US 4894536 A
A means and method for single event time of flight mass spectrometry for analysis of specimen materials. The method of the invention includes pulsing an ion source imposing at least one pulsed ion onto the specimen to produce a corresponding emission of at least one electrically charged particle. The emitted particle is then dissociated into a charged ion component and an uncharged neutral component. The ion and neutral components are then detected. The time of flight of the components are recorded and can be used to analyze the predecessor of the components, and therefore the specimen material. When more than one ion particle is emitted from the specimen per single ion impact, the single event time of flight mass spectrometer described here furnis
This invention was made with Government support under Contract No. W-7405-ENG82 awarded by the Department of Energy. The Government has certain rights in the invention.
1. A single event time of flight mass spectrometer for analysis of a specimen material, the single event being the evolution of a molecular formulation from the same bombarding primary projectile into a secondary particle and subsequent fragmentation into component formulations, comprising:
pulsed projectile source means for imposing on the order of single pulsed primary projectiles on a small localized area on the specimen to induce a corresponding emission of on the order of single, temporally isolated secondary ion particles from the small, localized area, the intensity of the pulsed projectile source being controlled so that each pulse of the pulsed projectile source produces only a very small number, generally on the average between zero and one, of primary projectiles;
detector means for individually detecting and timing the arrival of the secondary particles.
2. The spectrometer of claim 1 further comprising acceleration field means for presenting an acceleration field to the specimen to cause any emitted secondary ion particle to accelerate through the field.
3. The spectrometer of claim 2 wherein the acceleration field means comprises an electrical grid means for attracting and accelerating any emitted secondary ion particle from the specimen.
4. The spectrometer of claim 2 wherein a dissociation means receives predominantly single, temporally isolated secondary ion particles from the specimen after accelerating through the acceleration field of the acceleration field means.
5. The spectrometer of claim 4 wherein the dissociation means receives secondary ion particles from the set comprising one, two and three secondary ion particles, any and all of which being isolated in time for each primary projectile, each temporally isolated secondary ion particle being dissociated into an ion and neutral components so as to yield exclusive identification and correlation of secondary ion particles with corresponding ion and neutral components.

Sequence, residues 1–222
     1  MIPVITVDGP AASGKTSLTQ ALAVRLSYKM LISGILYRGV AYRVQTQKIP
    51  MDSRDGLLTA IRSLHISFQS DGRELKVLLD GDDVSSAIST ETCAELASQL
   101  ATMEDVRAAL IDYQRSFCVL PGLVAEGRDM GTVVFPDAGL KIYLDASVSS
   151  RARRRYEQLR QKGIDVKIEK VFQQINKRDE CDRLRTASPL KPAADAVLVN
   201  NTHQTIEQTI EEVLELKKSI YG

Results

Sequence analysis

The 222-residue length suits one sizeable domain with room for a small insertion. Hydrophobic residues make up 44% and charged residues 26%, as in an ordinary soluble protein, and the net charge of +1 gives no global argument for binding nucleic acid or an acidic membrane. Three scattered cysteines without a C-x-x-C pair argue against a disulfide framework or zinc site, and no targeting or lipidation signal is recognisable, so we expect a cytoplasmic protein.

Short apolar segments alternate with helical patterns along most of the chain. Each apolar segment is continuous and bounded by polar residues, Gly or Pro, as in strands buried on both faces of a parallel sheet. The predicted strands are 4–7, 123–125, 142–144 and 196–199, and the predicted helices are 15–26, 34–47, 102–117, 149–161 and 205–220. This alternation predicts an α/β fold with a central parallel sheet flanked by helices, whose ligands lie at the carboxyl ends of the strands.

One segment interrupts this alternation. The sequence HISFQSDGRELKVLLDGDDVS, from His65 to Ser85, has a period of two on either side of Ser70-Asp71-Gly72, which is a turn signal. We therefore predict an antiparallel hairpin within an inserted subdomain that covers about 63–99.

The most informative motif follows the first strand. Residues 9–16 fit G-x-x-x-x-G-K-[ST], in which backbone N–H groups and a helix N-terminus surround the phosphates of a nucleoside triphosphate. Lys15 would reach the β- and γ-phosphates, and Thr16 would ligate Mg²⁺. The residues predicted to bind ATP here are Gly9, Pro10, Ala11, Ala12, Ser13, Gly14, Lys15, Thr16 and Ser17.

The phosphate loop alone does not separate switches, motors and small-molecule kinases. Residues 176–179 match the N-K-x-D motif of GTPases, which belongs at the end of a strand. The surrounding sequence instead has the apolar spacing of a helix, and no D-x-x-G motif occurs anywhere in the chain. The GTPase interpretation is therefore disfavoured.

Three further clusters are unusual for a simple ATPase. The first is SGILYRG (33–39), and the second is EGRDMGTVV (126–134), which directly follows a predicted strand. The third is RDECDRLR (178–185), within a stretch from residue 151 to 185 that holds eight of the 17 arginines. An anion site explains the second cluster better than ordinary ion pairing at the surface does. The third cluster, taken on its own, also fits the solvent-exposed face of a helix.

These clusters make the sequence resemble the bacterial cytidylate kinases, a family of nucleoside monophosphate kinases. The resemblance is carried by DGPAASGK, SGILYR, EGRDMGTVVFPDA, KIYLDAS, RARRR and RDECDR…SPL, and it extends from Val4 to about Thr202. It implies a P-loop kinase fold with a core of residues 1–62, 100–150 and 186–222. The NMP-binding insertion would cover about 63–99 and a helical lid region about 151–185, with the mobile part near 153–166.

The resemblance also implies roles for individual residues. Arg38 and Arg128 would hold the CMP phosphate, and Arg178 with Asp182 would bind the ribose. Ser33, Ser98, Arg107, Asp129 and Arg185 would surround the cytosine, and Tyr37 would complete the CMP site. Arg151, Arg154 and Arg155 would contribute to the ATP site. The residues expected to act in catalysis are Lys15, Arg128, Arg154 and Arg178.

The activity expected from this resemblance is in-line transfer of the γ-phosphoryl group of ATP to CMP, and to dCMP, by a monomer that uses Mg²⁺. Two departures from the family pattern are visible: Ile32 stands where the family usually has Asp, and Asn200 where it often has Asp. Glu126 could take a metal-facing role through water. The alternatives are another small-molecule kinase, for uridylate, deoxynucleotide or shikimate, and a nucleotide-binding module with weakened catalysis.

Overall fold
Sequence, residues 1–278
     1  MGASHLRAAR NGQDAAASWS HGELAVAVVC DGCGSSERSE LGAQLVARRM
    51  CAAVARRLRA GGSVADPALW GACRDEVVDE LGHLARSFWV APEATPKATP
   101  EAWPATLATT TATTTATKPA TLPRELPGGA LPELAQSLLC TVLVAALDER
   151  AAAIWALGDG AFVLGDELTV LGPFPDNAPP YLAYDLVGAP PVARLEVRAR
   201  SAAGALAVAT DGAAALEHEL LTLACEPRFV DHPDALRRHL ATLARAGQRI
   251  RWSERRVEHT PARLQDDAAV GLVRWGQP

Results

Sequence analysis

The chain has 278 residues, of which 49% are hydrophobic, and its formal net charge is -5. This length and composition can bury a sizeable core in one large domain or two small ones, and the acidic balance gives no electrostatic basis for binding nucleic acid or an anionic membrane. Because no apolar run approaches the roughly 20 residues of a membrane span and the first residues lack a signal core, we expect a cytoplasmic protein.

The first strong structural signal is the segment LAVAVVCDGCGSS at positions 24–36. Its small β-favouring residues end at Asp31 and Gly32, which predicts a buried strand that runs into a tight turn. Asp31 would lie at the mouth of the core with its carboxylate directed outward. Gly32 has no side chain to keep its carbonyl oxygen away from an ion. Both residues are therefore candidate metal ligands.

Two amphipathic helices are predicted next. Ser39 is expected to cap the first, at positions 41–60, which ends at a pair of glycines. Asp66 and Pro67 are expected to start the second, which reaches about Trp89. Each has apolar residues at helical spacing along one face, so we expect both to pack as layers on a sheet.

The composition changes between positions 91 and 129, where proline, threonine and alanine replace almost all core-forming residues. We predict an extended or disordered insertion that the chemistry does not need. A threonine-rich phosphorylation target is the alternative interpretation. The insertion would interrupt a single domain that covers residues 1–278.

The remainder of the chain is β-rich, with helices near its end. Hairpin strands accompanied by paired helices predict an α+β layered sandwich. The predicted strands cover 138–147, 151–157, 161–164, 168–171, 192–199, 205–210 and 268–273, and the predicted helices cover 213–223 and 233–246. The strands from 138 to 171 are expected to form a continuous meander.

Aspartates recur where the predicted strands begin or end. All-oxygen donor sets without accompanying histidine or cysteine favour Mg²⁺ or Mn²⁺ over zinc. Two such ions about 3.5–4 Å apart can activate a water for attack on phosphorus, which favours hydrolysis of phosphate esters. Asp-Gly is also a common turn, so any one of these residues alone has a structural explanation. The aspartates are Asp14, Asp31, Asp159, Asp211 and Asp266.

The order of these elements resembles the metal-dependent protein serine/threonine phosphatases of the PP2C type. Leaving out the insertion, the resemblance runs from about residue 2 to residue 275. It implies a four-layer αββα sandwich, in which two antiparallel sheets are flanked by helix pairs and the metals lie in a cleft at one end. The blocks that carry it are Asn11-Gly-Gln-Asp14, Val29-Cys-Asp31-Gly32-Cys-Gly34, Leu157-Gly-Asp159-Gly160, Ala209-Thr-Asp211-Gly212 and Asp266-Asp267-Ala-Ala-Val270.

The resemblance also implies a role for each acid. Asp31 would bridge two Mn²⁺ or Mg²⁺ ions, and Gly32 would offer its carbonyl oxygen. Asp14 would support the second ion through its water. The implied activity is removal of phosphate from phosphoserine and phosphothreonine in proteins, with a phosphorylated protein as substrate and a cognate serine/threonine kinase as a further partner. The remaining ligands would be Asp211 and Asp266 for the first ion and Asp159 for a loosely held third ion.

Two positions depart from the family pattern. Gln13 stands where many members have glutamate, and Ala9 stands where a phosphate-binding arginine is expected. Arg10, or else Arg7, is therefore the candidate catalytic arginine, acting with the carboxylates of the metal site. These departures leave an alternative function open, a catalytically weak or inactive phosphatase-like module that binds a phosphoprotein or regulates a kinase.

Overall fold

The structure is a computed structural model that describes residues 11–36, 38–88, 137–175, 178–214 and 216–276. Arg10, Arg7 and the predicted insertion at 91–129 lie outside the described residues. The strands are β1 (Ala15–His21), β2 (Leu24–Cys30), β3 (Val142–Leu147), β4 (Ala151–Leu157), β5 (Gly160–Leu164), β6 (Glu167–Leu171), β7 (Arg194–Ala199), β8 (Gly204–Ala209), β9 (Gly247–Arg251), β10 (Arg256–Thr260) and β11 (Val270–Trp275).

6. The spectrometer of claim 1 wherein the pulsed projectile source means is a pulsed ion source.
7. The spectrometer of claim 5 wherein the pulsed ion source is controllable in intensity so as to produce predominantly a single primary projectile per pulse.
8. The spectrometer of claim 1 wherein the pulsed projectile source means averages between 0 and 1 projectiles per pulse.
9. The spectrometer of claim 6 wherein the pulsed projectile source means averages approximately 0.5 projectiles per pulse, providing predominantly, within conventional statistical probability, single primary projectiles per pulse.
10. The spectrometer of claim 1 further comprising a dissociation means for receiving an emitted secondary ion particle from the specimen and dissociating the particle into at least one charge ion component and one uncharged neutral component.
11. The spectrometer of claim 10 further comprising detector means which measure the time of arrival of each individual ion component and each individual neutral component.
12. The spectrometer of claim 11 wherein the detector means comprises a first detector for measuring the time of arrival of the neutral component from a fragmented secondary ion accelerated from the specimen, and a second detector for measuring the time of arrival of the ion component of any emitted secondary ion particle of the specimen and/or the ion fragment component from dissociation of an emitted secondary ion from the specimen.